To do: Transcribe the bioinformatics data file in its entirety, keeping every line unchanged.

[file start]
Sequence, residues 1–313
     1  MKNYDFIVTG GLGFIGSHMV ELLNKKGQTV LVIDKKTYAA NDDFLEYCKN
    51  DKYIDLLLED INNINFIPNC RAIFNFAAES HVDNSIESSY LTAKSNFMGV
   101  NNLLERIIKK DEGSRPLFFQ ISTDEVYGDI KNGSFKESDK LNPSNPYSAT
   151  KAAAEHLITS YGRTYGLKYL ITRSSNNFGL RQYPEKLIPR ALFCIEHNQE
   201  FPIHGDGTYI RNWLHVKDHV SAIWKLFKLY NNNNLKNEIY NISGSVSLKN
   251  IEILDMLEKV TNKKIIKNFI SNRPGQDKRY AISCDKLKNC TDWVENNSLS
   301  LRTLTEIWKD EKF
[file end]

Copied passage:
Sequence, residues 1–313
     1  MKNYDFIVTG GLGFIGSHMV ELLNKKGQTV LVIDKKTYAA NDDFLEYCKN
    51  DKYIDLLLED INNINFIPNC RAIFNFAAES HVDNSIESSY LTAKSNFMGV
   101  NNLLERIIKK DEGSRPLFFQ ISTDEVYGDI KNGSFKESDK LNPSNPYSAT
   151  KAAAEHLITS YGRTYGLKYL ITRSSNNFGL RQYPEKLIPR ALFCIEHNQE
   201  FPIHGDGTYI RNWLHVKDHV SAIWKLFKLY NNNNLKNEIY NISGSVSLKN
   251  IEILDMLEKV TNKKIIKNFI SNRPGQDKRY AISCDKLKNC TDWVENNSLS
   301  LRTLTEIWKD EKF